As WPI approaches the 50th anniversary of the WPI Plan, which requires each student to complete major research projects before graduation, professor of mathematical sciences Suzanne Weekes is taking on a new post with the goal of expanding undergraduate research opportunities—especially in their early years at the university.
“That early research engagement is important,” says Weekes, who has been named interim Associate Dean of Undergraduate Studies. “Students need to know they can do this. Research sounds like something far off, but they can have the opportunity and can start doing some work early on.”
In more than 20 years as a professor in the Mathematical Sciences department, Weekes has been involved as a leader in a number of important programs, both on campus and throughout the nation that have enhanced the educational experience for math students.
“We will support faculty and students in the undergraduate research enterprise,” says Weekes of her new efforts as interim associate dean. That includes summer research programs and opportunities to increase the impact of undergraduate student project work.
Advancing Impact and Outcomes
“I want to advance the impact and the outcomes and the visibility of student research. To disseminate what we’re doing," she says. "Also, I want to develop and cultivate new opportunities for partnerships with companies, with foundations, with the federal agencies to help faculty to get funding so they can have students in their labs or in their research groups.”
Weekes, who will continue to teach in addition to her new duties, says she decided to take on the new role to use leadership strengths she possesses that are different than those she has used in teaching and research.
Over the years she has put those strengths to work in a number of initiatives.
Weekes was the director of the Center for Industrial Mathematics and Statistics, which serves as a mathematical resource for industry, and is a co-founder and co-director of the nationwide Preparation for Industrial Careers in Mathematical Sciences—or PIC Math program. In PIC Math, she has worked with faculty from over 130 universities and has taught them how to make industry connections in order to provide research experiences for their students to work on problems coming directly from business, industry, or government. More than 1,500 students have taken the PIC Math courses at their universities doing MQP-like work and learning about mathematics career options outside of academia.
She served as associate head of the math department for six years and has been co-director of the Mathematical Sciences Research Institute Undergraduate Program, a Berkeley, California-based effort to increase the number of undergraduate math students from underrepresented groups who go on to graduate school.
The work of Dean Weekes and her collaborators has been supported by some $6 million in funding awards, including $3.5 million for PIC Math alone.
A Fellow at Drexel’s ELATE Program
But it was her experience through the 2017–18 academic year as a fellow with Drexel University’s Executive Leadership in Academic Technology and Engineering (ELATE) program that led to her new post.
ELATE provides leadership development training for prospective university leaders on a wide variety of topics, ranging from organizational dynamics to financial affairs and negotiations. But, Weekes points out, the most important element was a requirement for fellows to conduct an institutional action project.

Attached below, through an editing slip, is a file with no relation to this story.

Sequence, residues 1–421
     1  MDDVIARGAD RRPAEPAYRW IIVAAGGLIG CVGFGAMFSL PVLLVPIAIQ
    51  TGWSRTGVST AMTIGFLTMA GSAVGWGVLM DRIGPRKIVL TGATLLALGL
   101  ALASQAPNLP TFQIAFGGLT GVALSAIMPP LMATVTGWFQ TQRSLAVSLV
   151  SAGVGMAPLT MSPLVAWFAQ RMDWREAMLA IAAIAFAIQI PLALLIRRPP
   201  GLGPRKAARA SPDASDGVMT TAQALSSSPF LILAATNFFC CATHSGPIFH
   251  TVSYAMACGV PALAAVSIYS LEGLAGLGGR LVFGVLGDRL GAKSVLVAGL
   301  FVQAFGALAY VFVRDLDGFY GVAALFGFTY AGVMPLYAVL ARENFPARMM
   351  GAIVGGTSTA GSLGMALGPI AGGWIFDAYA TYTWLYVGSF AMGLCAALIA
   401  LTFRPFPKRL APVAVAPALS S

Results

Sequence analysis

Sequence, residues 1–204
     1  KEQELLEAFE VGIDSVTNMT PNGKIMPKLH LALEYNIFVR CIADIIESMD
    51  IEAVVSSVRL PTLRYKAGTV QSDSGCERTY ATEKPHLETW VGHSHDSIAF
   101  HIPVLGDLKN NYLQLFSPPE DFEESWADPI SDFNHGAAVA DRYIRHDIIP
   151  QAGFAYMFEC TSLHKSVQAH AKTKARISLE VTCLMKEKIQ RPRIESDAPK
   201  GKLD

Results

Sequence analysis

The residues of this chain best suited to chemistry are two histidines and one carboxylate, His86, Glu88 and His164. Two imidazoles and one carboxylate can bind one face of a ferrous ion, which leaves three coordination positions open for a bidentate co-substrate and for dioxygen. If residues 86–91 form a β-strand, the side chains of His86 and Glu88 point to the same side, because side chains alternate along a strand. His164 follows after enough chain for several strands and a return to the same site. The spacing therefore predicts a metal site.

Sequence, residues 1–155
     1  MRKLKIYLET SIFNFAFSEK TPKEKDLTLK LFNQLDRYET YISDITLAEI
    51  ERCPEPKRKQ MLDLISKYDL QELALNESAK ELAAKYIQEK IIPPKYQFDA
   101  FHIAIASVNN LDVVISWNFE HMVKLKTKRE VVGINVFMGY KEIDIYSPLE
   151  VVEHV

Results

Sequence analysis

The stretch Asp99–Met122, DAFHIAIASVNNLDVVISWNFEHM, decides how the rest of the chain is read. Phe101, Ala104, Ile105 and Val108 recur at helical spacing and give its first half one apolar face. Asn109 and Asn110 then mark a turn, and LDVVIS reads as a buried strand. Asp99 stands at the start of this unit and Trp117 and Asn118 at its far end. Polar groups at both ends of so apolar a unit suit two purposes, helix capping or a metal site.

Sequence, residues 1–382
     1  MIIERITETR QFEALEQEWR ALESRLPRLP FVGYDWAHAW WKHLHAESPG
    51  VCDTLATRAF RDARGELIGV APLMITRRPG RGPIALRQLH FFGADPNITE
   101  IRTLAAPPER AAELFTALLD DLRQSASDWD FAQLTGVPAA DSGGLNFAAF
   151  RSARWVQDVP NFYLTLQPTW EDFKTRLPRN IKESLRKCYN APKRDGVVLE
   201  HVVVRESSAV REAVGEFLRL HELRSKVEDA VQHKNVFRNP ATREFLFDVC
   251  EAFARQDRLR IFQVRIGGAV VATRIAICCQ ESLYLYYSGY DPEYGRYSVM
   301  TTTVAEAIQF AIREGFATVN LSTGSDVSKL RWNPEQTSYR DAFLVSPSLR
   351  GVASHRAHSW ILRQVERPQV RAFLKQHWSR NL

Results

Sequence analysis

She started her project by talking with Vice Provost for Research Bogdan Vernescu, who described a gap in the university’s undergraduate research opportunities. Weekes interviewed some 60 people to gather evidence that such a gap does indeed exist.
Undergraduate research opportunities are in need of greater university coordination, she contends, having found that opportunities for students often exist on a department-by-department or even professor-by-professor basis.
Celebrate and Showcase Project Work
“Every student at WPI does undergraduate research or an undergraduate design project—something substantial, let’s say for their Major Qualifying Project in their senior year. We need to celebrate and showcase all that work—and there’s even more that we can do,” Weekes says. She hopes that the WPI Works in Progress Undergraduate Research Symposium that took place on Nov. 25 will be the first of many events to give the WPI community the opportunity to get a sense of the work that WPI students are doing.
“We need a focus on undergraduate research and we need to let the world know the diverse and innovative work that we do with our students in this realm,” she says. “Every single undergraduate at WPI does research or design, unlike most universities where research is only an option for a select group of students. What we do is impressive and we still need to get the word out. But, there is still room for us to do better. We need to engage students in research even before their senior year so that they have time to have visible products by way of papers, IP, public presentations, etc.”
Improving, expanding, and coordinating undergraduate research opportunities—making the system more efficient—will be a prime focus of her new job.
Weekes wants to provide an accurate, comprehensive picture of the research activities of WPI undergraduates—to promote undergraduate research opportunities for students, especially in their early years at WPI, and to let them and those outside the university know about some of the effective programs that are already on campus.
She also hopes to use her connections to other institutions developed through her professional relationships to bring new ideas to WPI and spread the word about what’s happening on campus.
“Research provides tremendous benefits for our students, faculty, and the university,” Weekes says. “We have an academic infrastructure in place that allows us to do great things!”
—By Thomas Coakley